We then went on to learn about the education process in place during this time. One document written by Locke, states how he felt children should be educated. Although Locke, himself had no children, he appeared to have not only observed many of his friends’ children but also to have had a part in directing how they were educated.
Middle class children were known as the angels of the house, while women had control of the household and the ideology of manhood began to change. In the pre-industrial world, the rich married mainly to consolidate holdings or strengthen political partnerships. The lower class did not marry as young and usually only after the women had become pregnant.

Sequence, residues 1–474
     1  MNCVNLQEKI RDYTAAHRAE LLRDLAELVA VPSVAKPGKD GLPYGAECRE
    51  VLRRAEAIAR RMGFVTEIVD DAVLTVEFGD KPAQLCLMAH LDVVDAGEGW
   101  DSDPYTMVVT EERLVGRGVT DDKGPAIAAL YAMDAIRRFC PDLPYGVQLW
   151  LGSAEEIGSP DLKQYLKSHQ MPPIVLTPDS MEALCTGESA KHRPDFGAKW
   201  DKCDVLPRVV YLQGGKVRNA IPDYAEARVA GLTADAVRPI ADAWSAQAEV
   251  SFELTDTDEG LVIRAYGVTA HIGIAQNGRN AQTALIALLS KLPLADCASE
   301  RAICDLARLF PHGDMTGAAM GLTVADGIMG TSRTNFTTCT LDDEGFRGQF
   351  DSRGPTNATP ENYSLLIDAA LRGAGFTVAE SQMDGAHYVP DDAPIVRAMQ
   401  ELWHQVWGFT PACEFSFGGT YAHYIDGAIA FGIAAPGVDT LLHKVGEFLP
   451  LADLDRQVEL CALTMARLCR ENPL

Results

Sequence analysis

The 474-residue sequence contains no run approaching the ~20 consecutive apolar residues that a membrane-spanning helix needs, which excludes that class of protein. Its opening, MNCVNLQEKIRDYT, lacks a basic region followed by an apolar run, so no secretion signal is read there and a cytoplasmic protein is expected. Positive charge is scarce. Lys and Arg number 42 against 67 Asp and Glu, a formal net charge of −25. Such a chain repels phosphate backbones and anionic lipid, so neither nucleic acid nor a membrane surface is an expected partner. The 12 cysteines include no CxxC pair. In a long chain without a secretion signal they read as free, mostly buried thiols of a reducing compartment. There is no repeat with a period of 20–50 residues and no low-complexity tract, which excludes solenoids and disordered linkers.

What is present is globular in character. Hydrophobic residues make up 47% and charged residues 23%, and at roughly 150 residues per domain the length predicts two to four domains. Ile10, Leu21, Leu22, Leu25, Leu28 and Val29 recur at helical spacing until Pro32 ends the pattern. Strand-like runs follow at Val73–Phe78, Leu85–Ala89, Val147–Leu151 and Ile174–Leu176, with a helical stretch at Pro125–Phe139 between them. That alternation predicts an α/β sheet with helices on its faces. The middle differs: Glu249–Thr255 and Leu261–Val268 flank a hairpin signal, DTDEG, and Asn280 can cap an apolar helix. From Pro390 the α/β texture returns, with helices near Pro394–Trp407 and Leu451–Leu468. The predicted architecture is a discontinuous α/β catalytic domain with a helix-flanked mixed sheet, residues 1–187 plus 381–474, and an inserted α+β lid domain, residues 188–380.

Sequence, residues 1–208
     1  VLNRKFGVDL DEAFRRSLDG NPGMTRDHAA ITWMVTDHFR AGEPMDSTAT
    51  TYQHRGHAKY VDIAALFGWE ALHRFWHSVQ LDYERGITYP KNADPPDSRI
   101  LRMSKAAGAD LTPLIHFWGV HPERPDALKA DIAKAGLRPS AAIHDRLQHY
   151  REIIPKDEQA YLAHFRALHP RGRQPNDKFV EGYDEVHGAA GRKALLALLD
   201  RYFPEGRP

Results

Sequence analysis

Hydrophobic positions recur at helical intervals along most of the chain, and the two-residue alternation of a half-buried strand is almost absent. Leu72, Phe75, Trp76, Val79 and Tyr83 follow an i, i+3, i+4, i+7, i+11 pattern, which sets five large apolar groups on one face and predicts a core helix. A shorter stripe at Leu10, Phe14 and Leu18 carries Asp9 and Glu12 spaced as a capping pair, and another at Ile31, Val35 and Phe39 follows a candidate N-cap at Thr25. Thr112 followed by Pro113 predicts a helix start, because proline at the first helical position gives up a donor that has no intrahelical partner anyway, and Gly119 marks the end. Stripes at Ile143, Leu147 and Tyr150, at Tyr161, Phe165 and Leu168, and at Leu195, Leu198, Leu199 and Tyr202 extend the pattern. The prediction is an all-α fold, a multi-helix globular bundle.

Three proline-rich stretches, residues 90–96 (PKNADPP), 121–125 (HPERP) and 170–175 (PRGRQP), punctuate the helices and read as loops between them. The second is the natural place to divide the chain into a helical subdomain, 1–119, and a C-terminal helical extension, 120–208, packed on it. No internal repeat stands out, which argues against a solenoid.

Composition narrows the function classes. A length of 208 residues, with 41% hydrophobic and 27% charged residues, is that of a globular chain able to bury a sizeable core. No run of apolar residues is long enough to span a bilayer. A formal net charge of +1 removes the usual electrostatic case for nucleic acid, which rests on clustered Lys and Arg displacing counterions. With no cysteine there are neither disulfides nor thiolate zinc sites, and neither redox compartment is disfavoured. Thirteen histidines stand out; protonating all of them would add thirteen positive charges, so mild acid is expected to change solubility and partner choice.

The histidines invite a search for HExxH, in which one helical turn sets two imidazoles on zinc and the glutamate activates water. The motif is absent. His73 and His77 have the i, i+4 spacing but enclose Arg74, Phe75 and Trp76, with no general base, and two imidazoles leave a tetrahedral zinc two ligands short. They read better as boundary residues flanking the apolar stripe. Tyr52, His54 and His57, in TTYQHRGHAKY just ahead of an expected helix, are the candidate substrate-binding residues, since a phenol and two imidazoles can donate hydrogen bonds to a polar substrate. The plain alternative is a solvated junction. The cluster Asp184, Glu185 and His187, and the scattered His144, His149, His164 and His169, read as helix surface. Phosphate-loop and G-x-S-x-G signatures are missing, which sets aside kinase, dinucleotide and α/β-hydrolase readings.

The aristocratic adults talked about sentimental childhoods but reality was that children were usually brought to the parents and they were to be seen but not heard. Mostly they spent their time in the nursery prior to being introduced to society or being sent away for education. New ideas around education began to be seen around the time of industrialization, when adults begin talking about the importance of play and childhood lessons. It was during this time that the idea of vulnerable children requiring adult supervision was introduced by reading stories in newspapers. Stories such as the popular Grimm brother stories, first published in 1827 and Peter Parley’s book of fables were written specifically for children and they had a moral theme. These books contained pictures and covers which had been painted by widows, sometimes with the help of their children. This craft work which also included painting cards meant that they were able to stay at home with their families while providing them with an income which helped to keep the family together.